Book Review: “The Covenants of the Prophet Muhammad with the Christians of the World” by John Andrew Morrow
By Thomas Walsh
Dialogue & Alliance: Journal of the International Religious Foundation, Inc. 29, no. 2, (2015): 107-108
Thursday, August 20, 2015
This volume, The Covenants of the Prophet Muhammad with the Christians of the World, contains a vast amount of very significant historical information related to the life of Muhammad, early Islam and its relations with the existing Christian communities in the Near East. In particular, the volume contains many primary sources in Arabic and Persian, including corrected versions in modern Arabic typescript. Together they offer an opportunity for re-thinking Muslim-Christian relations at a time when those relations are strained and threaten to create widespread instability in strategic points around the world. On the other hand, if Muslim and Christian relations improve, based on dialogue, education and trust-building initiatives, the possibilities for peace around the world are strengthened immeasurably. A volume such as this, which speaks to models of cooperation and mutual respect, can help to undermine extremist or politicized interpretations of sacred scripture that stand in the way of reconciliation and cooperation.
In his foreword to the volume, Charles Upton states that the “two foundational sources of the Islamic tradition have always been the Holy Qur’an – the direct Word of Allah as revealed to his Prophet Muhammad, peace and blessing be upon him – and the prophetic hadith literature, the record of the sayings of Muhammad as remembered by his wives, his close companions and other who had been in his presence and heard his words.” Upton goes on to suggest the “Covenants” may provide a third foundational source for Islam, “one that is entirely consonant with the first two.” (p. xi)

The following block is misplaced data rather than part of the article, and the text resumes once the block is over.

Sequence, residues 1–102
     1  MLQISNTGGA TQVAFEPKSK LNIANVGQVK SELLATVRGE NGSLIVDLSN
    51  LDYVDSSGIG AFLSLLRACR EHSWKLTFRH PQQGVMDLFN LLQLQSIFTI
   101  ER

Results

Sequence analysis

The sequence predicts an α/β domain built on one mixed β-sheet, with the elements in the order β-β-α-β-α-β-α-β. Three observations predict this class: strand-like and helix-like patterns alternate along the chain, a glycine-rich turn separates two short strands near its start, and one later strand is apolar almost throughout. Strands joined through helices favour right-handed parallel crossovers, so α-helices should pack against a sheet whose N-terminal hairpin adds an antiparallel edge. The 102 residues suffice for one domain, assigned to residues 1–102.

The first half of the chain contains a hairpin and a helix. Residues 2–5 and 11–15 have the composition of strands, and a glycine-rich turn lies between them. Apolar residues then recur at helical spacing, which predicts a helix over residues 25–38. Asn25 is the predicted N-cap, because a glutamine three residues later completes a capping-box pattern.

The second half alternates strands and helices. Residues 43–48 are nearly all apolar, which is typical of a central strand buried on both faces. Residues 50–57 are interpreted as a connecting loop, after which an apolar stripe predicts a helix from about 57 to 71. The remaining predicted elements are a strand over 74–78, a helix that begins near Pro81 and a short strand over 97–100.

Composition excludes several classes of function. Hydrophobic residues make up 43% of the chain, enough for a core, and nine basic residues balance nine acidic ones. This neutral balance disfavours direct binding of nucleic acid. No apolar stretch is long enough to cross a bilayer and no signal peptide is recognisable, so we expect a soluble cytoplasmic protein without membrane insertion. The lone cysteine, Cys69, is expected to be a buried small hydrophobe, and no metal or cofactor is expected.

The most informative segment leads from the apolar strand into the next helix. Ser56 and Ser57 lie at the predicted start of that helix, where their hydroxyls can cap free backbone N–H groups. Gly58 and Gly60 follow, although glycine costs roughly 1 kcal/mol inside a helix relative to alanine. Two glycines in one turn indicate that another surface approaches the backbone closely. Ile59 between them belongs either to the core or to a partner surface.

The “Covenants” are not widely known, even among scholars, and even less among ordinary believers. This publication, therefore, provides an important resource for innovative reflection on the history of Islam and the practices of the Prophet, and provides the basis for a more advanced Islamic theology of religions or a more advanced theology of interreligious relations and especially Muslim-Christian relations.
In addition, Morrow suggests that a new kind of harmony can emerge among Jews, Christians and Muslims that will go a long way toward establishing safeguards against the caustic effects of modernity that undermine moral values and traditions that have endured for centuries, and which promote a secularist worldview that is empty of spiritual content.
This volume is recommended for any serious student of Islam, interfaith relations, and the relationships between religion and peace.